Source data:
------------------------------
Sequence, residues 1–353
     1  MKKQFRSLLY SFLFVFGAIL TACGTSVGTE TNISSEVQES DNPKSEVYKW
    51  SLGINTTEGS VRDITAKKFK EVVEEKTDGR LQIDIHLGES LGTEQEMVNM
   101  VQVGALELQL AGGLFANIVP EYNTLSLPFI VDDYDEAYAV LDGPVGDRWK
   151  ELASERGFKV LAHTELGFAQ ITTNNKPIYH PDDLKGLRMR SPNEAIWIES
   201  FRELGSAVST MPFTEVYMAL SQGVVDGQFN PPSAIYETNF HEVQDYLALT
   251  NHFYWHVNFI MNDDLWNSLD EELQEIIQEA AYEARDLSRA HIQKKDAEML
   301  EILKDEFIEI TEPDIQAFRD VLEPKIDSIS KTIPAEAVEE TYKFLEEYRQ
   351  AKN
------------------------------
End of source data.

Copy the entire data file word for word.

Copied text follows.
Sequence, residues 1–353
     1  MKKQFRSLLY SFLFVFGAIL TACGTSVGTE TNISSEVQES DNPKSEVYKW
    51  SLGINTTEGS VRDITAKKFK EVVEEKTDGR LQIDIHLGES LGTEQEMVNM
   101  VQVGALELQL AGGLFANIVP EYNTLSLPFI VDDYDEAYAV LDGPVGDRWK
   151  ELASERGFKV LAHTELGFAQ ITTNNKPIYH PDDLKGLRMR SPNEAIWIES
   201  FRELGSAVST MPFTEVYMAL SQGVVDGQFN PPSAIYETNF HEVQDYLALT
   251  NHFYWHVNFI MNDDLWNSLD EELQEIIQEA AYEARDLSRA HIQKKDAEML
   301  EILKDEFIEI TEPDIQAFRD VLEPKIDSIS KTIPAEAVEE TYKFLEEYRQ
   351  AKN